DAILY KOS: Writing in Politico journalists Ben White and Maggie Haberman reported on political conversations with two dozen unaligned GOP donors, Wall Street executives, and corporate lobbyists. When asked about the 2016 presidential election, these Post Modern voters viewed potential Republican Candidate Jeb Bush and Secretary Clinton as interchangeable and observed:
The darkest secret in the big money world of the Republican coastal elite is that the most palatable alternative to a nominee such as Sen. Ted Cruz of Texas or Sen. Rand Paul of Kentucky would be Clinton, a familiar face on Wall Street following her tenure as a New York senator with relatively moderate views on taxation and financial regulation. “If it turns out to be Jeb versus Hillary we would love that and either outcome would be fine,” one top Republican-leaning Wall Street lawyer said over lunch in midtown Manhattan last week. “We could live with either one. Jeb versus Joe Biden would also be fine. It’s Rand Paul or Ted Cruz versus someone like Elizabeth Warren that would be everybody’s worst nightmare.” MORE
HUFFINGTON POST: Recently, University of California Economics Professor Robert Reich identified six principles of the new populism:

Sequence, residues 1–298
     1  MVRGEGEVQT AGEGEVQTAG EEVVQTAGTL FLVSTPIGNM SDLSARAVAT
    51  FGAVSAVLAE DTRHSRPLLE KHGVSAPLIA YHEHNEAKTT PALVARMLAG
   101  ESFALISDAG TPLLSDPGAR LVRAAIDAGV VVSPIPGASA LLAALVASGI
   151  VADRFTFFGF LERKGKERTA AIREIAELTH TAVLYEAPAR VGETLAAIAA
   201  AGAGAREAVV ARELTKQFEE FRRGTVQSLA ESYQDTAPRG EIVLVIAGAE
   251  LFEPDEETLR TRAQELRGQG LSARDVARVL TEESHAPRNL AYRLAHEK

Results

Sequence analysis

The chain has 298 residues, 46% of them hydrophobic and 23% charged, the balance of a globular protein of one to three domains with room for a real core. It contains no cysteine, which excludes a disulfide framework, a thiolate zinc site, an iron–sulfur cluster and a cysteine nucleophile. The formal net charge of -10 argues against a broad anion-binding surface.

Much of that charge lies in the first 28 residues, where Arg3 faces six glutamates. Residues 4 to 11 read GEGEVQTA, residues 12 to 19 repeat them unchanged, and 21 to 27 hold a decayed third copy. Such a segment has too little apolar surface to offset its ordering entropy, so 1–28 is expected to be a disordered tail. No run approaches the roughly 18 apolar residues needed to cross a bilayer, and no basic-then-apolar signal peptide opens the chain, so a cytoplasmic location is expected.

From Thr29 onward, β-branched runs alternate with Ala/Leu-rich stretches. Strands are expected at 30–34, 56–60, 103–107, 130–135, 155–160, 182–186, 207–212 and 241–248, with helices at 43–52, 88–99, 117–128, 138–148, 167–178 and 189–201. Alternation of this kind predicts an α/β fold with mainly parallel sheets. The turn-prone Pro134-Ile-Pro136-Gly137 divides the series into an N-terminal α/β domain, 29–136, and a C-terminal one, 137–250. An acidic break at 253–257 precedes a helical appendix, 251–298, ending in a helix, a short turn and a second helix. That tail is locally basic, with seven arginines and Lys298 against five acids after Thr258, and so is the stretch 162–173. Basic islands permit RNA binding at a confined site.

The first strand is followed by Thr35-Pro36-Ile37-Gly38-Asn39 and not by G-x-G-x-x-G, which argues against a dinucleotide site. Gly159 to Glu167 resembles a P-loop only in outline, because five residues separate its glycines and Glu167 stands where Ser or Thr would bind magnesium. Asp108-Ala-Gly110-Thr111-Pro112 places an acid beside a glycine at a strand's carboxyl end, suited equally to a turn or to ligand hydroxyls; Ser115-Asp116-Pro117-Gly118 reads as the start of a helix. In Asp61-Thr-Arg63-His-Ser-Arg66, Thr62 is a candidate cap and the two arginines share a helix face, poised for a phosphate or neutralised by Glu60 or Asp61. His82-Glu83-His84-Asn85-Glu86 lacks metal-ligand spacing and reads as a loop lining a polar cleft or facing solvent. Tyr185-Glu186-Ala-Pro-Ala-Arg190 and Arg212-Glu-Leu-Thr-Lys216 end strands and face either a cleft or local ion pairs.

1. Cut the biggest Wall Street banks down to a size where they’re no longer too big to fail.
2. Resurrect the Glass-Steagall Act, the law separating investment from commercial banking thereby preventing companies from gambling with their depositors’ money.
3. End corporate welfare including subsidies to big oil, agribusiness, pharmaceuticals, and Wall Street.
4. Stop the National Security Agency from spying on Americans.
5. Scale back American interventions overseas.
6. Oppose trade agreements crafted by big corporations.
Secretary Clinton opposes these principles, while Senator Warren supports them. MORE
NEIL SAPERSTEIN: In December 2007, just as the 2008 presidential primaries were beginning to heat up, and with Hillary Clinton 26 points ahead in national polling of Democrats, I wrote an article for AlterNet arguing that she was beatable, that she had vulnerabilities the other candidates did not have, that she had historically high “unfavorables,” that she polled poorly against Republicans and that Democrats should rethink the “inevitability” of her candidacy. Apparently, they did and we know how that turned out. Once again, Clinton is riding high in polling of Democrats; once again, her supporters are claiming she is “inevitable;” and once again, she has vulnerabilities other candidates lack, including extremely high “unfavorables,” as well as additional liabilities in 2016 she didn’t have in 2008 — some of her own making, some not. MORE